On top of that, if you can create a streamlined and cost efficient management system for your properties then you should be able to manage a number of properties. The accumulated income could begin to add up to some serious cash. However, the more properties you own, the more likely that big expenses will occur which could be pretty financially damaging.
The long term benefits of owning a property are hard to fault.
Whilst it may take 15-30 years to pay off the mortgage your property, it should (hopefully) have been appreciating all that time. It could have doubled or even tripled in value over that time. At this point you could sell and make a hefty profit and then either reinvest the cash or use that money for your retirement fund.
Land is an interesting investment type, and often overlooked, especially by new real estate investors. However, land typically has low prices, and almost non-existent running costs.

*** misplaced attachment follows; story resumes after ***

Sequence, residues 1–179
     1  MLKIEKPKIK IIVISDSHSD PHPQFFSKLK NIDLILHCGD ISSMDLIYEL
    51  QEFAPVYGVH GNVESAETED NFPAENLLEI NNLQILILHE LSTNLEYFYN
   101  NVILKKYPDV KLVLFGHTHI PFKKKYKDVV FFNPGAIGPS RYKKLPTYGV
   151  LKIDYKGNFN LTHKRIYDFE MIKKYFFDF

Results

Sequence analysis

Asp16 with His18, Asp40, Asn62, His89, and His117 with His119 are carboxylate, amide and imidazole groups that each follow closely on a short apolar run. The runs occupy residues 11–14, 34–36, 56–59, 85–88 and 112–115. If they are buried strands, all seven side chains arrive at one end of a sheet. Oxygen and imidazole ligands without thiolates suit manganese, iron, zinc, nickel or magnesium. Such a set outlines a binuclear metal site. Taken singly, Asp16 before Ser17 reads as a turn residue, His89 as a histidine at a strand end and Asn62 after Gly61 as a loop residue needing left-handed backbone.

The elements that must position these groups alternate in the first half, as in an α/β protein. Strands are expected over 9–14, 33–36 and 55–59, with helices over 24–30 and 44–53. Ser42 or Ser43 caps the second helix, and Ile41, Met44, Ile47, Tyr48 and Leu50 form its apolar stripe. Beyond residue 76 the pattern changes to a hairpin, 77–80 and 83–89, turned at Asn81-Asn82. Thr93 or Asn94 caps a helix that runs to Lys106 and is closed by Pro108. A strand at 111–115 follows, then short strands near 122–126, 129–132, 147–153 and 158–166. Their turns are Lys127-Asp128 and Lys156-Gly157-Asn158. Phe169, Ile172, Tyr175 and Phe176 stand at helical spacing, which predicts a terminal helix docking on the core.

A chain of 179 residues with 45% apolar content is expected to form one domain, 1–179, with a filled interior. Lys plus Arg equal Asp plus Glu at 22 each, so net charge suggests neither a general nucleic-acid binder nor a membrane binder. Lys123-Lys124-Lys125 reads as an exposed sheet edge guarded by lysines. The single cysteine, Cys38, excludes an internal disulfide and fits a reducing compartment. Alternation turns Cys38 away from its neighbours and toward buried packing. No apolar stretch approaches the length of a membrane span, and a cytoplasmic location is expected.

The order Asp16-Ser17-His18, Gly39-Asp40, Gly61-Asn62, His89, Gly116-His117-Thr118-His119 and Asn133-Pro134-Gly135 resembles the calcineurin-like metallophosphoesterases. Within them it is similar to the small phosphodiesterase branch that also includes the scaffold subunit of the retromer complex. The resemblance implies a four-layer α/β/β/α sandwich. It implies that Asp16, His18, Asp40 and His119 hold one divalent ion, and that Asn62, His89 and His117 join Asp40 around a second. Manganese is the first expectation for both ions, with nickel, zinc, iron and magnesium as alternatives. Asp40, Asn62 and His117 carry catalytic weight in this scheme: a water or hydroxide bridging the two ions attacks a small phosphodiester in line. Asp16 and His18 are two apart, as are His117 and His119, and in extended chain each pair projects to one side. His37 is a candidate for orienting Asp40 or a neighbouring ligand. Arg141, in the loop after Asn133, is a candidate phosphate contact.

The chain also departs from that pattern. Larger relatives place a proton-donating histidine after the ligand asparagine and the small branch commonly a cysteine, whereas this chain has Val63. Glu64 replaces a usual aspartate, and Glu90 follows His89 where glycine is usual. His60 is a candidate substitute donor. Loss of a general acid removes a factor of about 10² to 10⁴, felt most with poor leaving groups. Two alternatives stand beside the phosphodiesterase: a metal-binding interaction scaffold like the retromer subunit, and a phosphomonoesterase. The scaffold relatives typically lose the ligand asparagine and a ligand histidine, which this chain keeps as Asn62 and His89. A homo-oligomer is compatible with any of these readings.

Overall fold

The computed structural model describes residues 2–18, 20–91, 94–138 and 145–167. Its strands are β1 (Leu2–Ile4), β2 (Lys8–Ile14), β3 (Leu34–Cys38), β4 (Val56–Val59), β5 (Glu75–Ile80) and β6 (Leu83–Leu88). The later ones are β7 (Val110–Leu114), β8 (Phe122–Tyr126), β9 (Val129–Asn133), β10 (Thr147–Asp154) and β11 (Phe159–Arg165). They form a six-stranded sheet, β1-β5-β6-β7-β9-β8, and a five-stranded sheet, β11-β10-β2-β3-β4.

There are a couple of ways to make money off land.
First, you could rent it out for farming or hunting purposes. The other way to make money off land as an investment requires a deep and full understanding of the development market in that area. You need to be able to forecast whether that land will increase in value over time through demand for development space.
A major downside in investing in land is that it can be hard to get a loan for this kind of investment. This means that the vacant land market is mostly a cash only market, and you will need to save up a bit of cash to break into it.
Buy low, sell high. This is the motto for any and all investing. House flipping though, is an investment type which exploits this concept.
Buying houses that are in need of work, fixing them up and then quickly selling them on.
By doing this investors can buy property for far below the market value, increase the properties worth to current market value (or above) with a cash influx, and then sell to quickly reap the rewards.
This can be a very effective short term investment strategy with excellent returns.
However, these kinds of jobs come with high costs, require extensive market awareness, and need a great deal of planning in order to pull off.